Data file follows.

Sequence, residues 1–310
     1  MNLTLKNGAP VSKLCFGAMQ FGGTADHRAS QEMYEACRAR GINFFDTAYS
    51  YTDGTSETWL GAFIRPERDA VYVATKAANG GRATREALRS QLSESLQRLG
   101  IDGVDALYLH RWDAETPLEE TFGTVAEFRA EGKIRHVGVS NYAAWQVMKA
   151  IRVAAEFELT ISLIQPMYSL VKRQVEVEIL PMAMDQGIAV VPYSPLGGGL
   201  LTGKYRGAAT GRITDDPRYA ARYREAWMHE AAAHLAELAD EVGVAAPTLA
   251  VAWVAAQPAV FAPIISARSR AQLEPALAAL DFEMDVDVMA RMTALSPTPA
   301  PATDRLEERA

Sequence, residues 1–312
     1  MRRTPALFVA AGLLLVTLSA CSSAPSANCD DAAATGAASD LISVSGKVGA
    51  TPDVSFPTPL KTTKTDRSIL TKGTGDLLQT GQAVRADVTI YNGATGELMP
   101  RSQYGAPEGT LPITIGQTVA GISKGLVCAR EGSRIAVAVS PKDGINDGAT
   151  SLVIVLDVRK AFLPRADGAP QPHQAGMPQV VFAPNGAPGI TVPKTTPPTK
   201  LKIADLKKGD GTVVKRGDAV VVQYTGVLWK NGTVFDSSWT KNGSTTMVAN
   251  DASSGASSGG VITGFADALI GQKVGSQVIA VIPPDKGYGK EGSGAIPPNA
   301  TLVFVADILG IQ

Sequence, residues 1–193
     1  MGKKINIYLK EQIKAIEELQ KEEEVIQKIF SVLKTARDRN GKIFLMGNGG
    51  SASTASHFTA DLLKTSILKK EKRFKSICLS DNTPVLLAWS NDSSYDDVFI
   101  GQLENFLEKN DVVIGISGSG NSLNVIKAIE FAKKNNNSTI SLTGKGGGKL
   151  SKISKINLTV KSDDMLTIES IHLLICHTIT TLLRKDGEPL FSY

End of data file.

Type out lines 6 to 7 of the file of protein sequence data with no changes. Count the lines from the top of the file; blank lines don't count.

   201  LTGKYRGAAT GRITDDPRYA ARYREAWMHE AAAHLAELAD EVGVAAPTLA
   251  VAWVAAQPAV FAPIISARSR AQLEPALAAL DFEMDVDVMA RMTALSPTPA